Huge job fair draws thousands - Hawaii News Now - KGMB and KHNL

Huge job fair draws thousands

Nolan Chang Nolan Chang
Ray Oyakawa Ray Oyakawa
Ryan Bustamente-Tolb Ryan Bustamente-Tolb

By Paul Drewes - bio | email

HONOLULU (KHNL) - It's a chance to work on US military ships and submarines. The jobs not only come with good pay, but also job security, important perks in this struggling economy.

A crowd of nearly 8,000 filled the Honolulu Community College campus. Not for class, instead they're here for a job.

From the Pearl Harbor Naval Shipyard.

"We want people who are bright and industrious. Who want to get their hands dirty and want to help us fix ships and submarines," said the Shipyard's Public Affairs Officer, Nolan Chang.

There's only one problem, there aren't enough jobs to go around.

"It is amazing! Thousands of people applying for 100 jobs, its real competitive," said Shipyard Apprentice, Ray Oyakawa.

Those that meet the requirements and pass the interviews and tests, will not just work on US Navy ships and subs at Pearl Harbor, they will become an apprentice. Taking part in a four year work study program that pays trainees while they earn an associate's degree. And then give them opportunities once they are finished.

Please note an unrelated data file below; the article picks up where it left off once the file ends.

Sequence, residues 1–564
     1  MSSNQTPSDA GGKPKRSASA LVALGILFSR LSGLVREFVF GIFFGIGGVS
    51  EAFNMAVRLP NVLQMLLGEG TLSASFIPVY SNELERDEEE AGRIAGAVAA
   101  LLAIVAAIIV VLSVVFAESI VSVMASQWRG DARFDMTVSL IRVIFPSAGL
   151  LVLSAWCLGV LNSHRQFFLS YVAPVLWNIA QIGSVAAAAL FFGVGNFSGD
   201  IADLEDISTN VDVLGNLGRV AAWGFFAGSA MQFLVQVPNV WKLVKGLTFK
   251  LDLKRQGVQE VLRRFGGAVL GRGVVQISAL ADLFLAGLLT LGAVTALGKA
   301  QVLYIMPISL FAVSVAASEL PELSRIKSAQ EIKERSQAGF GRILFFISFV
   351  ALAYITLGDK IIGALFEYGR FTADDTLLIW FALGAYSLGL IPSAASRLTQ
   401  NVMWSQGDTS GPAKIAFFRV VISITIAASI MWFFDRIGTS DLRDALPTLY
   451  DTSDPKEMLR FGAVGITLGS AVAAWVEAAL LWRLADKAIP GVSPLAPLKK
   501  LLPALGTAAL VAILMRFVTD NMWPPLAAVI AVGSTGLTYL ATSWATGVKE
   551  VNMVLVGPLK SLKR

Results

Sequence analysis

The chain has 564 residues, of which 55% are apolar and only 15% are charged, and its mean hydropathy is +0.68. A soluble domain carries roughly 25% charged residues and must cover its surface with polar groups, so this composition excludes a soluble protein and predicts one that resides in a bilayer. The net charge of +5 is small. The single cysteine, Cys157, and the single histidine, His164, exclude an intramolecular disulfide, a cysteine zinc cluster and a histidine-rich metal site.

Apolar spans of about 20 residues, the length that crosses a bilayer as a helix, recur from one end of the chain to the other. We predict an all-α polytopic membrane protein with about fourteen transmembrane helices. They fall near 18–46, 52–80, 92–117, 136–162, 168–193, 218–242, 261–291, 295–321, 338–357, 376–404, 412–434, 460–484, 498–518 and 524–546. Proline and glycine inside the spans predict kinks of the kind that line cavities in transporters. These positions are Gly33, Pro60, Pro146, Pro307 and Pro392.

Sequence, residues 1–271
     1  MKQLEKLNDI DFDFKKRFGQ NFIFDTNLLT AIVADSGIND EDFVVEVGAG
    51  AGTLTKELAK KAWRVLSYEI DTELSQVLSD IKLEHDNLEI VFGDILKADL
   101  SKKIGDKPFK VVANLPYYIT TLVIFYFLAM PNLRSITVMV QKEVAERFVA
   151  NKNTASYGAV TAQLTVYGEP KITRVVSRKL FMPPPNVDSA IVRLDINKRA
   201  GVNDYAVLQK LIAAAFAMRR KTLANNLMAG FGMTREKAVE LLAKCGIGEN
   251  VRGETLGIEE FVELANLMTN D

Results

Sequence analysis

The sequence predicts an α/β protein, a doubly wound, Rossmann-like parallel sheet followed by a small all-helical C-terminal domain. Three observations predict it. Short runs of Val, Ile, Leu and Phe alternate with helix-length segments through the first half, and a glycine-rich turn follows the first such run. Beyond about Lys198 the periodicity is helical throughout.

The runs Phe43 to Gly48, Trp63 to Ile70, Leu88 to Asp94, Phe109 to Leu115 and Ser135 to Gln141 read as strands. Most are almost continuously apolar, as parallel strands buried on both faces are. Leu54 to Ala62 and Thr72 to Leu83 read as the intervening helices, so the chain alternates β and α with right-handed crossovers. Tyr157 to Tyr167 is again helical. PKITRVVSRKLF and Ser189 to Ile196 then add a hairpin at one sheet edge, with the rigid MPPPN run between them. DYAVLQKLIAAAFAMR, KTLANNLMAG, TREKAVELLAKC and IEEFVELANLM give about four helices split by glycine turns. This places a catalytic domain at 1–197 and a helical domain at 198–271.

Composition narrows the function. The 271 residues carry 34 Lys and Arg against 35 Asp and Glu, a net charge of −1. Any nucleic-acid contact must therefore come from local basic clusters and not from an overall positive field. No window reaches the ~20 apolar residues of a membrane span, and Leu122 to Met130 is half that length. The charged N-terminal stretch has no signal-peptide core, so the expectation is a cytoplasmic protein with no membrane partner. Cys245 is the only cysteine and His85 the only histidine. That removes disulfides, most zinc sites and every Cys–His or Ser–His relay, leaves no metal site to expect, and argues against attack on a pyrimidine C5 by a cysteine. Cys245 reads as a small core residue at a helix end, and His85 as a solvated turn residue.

"It is basically a career, you get to learn a trade, its not just another job with good pay and benefits," said Ryan Bustamente-Tolb, who is applying for work.

But working at the historic Pearl Harbor Shipyard, which has been around for over a century also comes with stability, and job advancement opportunities.

"We have an aging workforce, so after graduating many are moved into supervisory positions or instructor positions," added Chang.

Quite a change from the public workforce -- where many companies are down sizing and laying off employees.

Which is why many eager applicants were excited about a new career after talking with representatives from the various trade departments.

"All the guys you talk to out here, they really love their jobs," exclaimed Bustamente-Tolb.

Pay for apprentices start at $18.30 an hour. The shipyard is accepting applications online from March 28th thru April 11.

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